Sunday, 28 September 2008

$500 oil - Can't Wait!

There's an interview of Matthew Simmons, the energy banker, in Fortune magazine with the heading "Here comes $500 oil".

Now, it's impossible to know for sure whether we'll get price that or just shortages, but either way an abrupt change we will get, esp. if oil production drops sharply off the current plateau.

Either way, we're likely going to to turn to using coal, which will explode our carbon footprint. In fact, we are already doing that, but it can get worse. Much worse.

So, what's the impact?

The impact is that the 450ppm limits and max 2 degrees Celsius warming effects are starting to look like a pipe dream:

"The paper concludes that it is increasingly unlikely any global agreement will
deliver the radical reversal in emission trends required for stabilization at 450 ppmv carbon dioxide equivalent (CO2e). Similarly, the current framing of climate change cannot be reconciled with the rates of mitigation necessary to stabilize at 550 ppmv CO2e and even an optimistic interpretation suggests stabilization much below 650 ppmv CO2e is improbable"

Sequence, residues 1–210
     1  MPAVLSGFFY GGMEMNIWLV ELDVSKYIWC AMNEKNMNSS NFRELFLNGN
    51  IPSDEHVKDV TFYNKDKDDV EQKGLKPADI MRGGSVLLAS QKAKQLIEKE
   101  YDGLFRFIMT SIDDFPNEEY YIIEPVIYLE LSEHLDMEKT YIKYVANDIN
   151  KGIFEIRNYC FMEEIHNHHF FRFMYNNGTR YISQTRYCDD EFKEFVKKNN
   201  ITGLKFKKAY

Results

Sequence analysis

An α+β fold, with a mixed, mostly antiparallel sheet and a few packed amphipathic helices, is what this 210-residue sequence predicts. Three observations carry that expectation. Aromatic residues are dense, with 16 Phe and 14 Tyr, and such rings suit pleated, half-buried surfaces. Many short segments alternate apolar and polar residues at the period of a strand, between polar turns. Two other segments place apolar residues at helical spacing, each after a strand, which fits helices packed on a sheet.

- Kevin Anderson & Alice Bows, Tyndall Centre for Climate Change Research

So, it's either mitigate, reduce and adapt - or crash, scramble and die.

Here's hoping for that $500 dollar oil that is going to push up the price of natural gas and coal also so high we can't afford any of them.

The effect of $500 oil: we consume less oil. We'll be thankful in the end.

Wednesday, 24 September 2008

Financial, Energy or Climate Crisis - take your pick